“We are not looking at a hapless group of elderly men and women who have been dumped by their children but the film is also about financially independent senior citizens making a choice to stay away from the younger generation through personal choice,” she adds.

Mainstream Indian cinema is often accused of gaining some sort of a malicious, sado-masochistic thrill in portraying artificial schisms between parents and children, where children are often, brazenly disrespectful towards their ageing parents to the point of humiliating, insulting and abusing them.

Exceptions have been few and far between. Examples are -Shaji Karun’s Piravi, Balu Mahendra’s Sandhya Raagam (Malayalam), four Kannada films directed by Girish Kasaravalli, namely Tabarana Kathe, Kraurya, Thai Saheb, and Kurmavatar, and among Hindi language films, - Mahesh Bhatt's Saransh, Govind Nihalani's Party and Hazaar Chaurasiki Maa. Buddhadev Dasgupta’s Kaalpurush is a moving tribute to the gap between a father and his son which is bridged only after the father is no more.

Satyajit Ray paid his own tribute to old age through his film Agantuk (The Stranger) performed by Utpal Dutt. Aparna Sen’s Paromitar Ek Din is a beautiful ode to a mother-in-law who dies when her daughter-in-law leaves the home and she cannot cope with the loss of this very young friend. Gautam Ghose paid his tribute to a lecherous old artist slowly losing his vision in Dekha.

Jayaraaj's Karunyam focusses on the pathos (Karunyam means 'pathos') of old age and loneliness. It defined a pointer to our growing awareness of the negative impact of modernisation, urbanisation and westernisation on the contemporary Indian mindset.

"My film unfolds the insecurity of the aged, visible everywhere today" says director Jayaraaj of his film. "Even in a small province such as the one I live in, the number of old age homes is increasing everyday. Glorified mortuaries with dead bodies of parents wait indefinitely for their children, settled abroad.

These real-life situations motivated me to make this film" he sums up. The film opens with the old woman looking through the misty mortuary glass window to see her beloved's frozen, yet, still-longing face, waiting as it were, to see his children. This was his last wish, unfulfilled.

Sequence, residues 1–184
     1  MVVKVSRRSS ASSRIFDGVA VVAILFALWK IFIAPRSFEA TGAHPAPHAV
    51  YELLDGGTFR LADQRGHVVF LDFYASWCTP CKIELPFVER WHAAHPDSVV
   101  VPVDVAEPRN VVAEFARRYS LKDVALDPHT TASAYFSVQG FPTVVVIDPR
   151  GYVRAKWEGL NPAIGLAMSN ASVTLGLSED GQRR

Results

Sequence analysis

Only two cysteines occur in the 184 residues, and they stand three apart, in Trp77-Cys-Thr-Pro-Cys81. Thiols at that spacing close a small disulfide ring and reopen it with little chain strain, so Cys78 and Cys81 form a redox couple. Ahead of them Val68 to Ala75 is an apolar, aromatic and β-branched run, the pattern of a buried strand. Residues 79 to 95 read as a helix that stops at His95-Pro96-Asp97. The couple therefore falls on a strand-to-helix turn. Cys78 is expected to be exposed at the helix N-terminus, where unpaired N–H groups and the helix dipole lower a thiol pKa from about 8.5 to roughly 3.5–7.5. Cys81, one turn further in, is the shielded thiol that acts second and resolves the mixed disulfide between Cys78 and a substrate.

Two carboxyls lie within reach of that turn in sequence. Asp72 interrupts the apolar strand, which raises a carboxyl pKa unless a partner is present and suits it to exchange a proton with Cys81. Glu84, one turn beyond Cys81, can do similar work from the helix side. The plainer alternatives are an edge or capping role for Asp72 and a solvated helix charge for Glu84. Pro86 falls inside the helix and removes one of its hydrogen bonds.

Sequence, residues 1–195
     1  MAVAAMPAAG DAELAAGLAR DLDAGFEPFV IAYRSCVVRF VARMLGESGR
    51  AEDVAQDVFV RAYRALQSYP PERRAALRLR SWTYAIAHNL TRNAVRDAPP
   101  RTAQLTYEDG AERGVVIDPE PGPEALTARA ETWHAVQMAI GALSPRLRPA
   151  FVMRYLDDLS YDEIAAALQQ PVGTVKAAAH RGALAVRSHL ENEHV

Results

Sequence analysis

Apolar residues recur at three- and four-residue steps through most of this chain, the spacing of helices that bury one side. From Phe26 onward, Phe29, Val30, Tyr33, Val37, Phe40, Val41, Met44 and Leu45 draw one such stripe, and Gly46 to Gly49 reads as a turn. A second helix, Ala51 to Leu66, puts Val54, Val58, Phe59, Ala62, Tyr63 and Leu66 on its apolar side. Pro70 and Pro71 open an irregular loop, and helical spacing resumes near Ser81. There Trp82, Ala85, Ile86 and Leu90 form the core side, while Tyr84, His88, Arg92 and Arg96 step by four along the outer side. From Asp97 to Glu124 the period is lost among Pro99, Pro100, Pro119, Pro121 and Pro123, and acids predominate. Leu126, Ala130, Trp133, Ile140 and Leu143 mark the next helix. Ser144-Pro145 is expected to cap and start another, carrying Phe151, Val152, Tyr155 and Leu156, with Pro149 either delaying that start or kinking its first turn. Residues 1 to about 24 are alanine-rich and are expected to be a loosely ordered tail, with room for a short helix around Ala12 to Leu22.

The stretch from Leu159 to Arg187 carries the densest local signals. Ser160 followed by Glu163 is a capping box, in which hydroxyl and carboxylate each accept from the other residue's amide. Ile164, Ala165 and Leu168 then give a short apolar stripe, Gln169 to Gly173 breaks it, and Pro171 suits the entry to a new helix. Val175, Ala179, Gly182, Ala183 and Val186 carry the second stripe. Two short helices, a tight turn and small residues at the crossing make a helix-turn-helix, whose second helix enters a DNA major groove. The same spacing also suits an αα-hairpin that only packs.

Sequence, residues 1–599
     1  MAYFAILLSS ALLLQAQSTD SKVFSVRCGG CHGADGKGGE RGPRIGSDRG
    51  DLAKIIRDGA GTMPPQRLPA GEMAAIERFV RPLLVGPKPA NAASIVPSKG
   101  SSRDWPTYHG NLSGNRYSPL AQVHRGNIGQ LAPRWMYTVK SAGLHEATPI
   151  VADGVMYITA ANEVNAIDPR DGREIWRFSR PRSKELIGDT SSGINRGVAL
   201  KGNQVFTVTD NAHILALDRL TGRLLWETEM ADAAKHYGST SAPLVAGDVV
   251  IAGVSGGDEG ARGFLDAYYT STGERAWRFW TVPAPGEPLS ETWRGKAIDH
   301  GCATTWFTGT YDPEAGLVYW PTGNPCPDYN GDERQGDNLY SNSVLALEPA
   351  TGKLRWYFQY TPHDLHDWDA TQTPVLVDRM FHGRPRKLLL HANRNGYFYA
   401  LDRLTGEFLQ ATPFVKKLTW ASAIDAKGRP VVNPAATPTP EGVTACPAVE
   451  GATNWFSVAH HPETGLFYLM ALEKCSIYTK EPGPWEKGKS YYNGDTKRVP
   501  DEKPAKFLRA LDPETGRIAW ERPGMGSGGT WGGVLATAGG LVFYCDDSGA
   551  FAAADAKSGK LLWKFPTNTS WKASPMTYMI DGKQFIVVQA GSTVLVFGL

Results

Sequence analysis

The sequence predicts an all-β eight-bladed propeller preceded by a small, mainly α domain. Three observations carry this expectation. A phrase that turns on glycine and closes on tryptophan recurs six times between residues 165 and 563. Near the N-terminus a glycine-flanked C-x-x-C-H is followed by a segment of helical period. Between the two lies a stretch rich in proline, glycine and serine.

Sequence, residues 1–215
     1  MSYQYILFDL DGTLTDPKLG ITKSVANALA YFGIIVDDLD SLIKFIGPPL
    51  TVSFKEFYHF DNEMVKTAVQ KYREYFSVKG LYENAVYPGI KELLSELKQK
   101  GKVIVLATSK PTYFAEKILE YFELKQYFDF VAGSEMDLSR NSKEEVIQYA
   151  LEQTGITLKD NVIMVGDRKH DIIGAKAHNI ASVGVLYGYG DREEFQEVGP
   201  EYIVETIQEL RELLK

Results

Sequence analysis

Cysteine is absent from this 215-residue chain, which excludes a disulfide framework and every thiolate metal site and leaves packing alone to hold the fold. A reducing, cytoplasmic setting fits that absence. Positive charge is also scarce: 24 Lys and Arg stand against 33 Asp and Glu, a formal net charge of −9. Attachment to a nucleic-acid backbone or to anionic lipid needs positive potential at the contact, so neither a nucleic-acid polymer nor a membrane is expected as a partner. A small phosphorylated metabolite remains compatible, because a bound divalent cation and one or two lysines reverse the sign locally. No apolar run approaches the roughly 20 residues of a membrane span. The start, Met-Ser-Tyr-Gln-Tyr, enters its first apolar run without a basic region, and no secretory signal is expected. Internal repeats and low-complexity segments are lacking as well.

Tabarana Kathe was based on a short story by Poornachandra Tejasvi. “We portrayed Tabara not in the manner of an outsider who looked at him and his situation with a critical eye but from Tabara's own perspective. He was a creature of his time, a man who admired bureaucracy and yet was suppressed by it,” said Kasaravalli about his film that deals with the futile efforts of a retired government servant to earn his pension.

The idiosyncrasies of old age as time turns into a kind of void in terms of decay has been redefined completely on celluloid by none other than Amitabh Bachchan whose current phase of characters reveal a different face of time slipping by that evolved from the alcoholic-turned-schizophrenic teacher of handicapped children in Black through the constipated, rude hypochondriac in Piku, the avenging grandfather in Teen to the angry old lawyer in Pink.

Compare this with Nirupa Roy’s screen mother in Deewar, or, Rohini Hattangadi’s mother in Agnipath or Nargis’s Radha in Mother India or Sharmila Tagore’s dignified mother in Aradhana, Shabana Azmi’s mafia leader in Godmother and you will find layers of the woman as a dignified senior citizen remembered for their wonderful portrayals.

Films like Saraansh, Avtaar and Baghban close with the protagonists winning against all odds. These offer very optimistic and positive image of old age that is portrayed with the right touch of dignity and grace that it deserves.

The senior protagonists in these films do not suffer in insecurity or fall into depression or rely on and overload of religion and prayers. The characters offer examples for both young and old to follow, throw up models of the difference between what old age can be and what it should be. Watch Benche Thakar Gaan.

It should be in many festivals in the near future asking us all to sing a tribute to the very act of living and not surviving.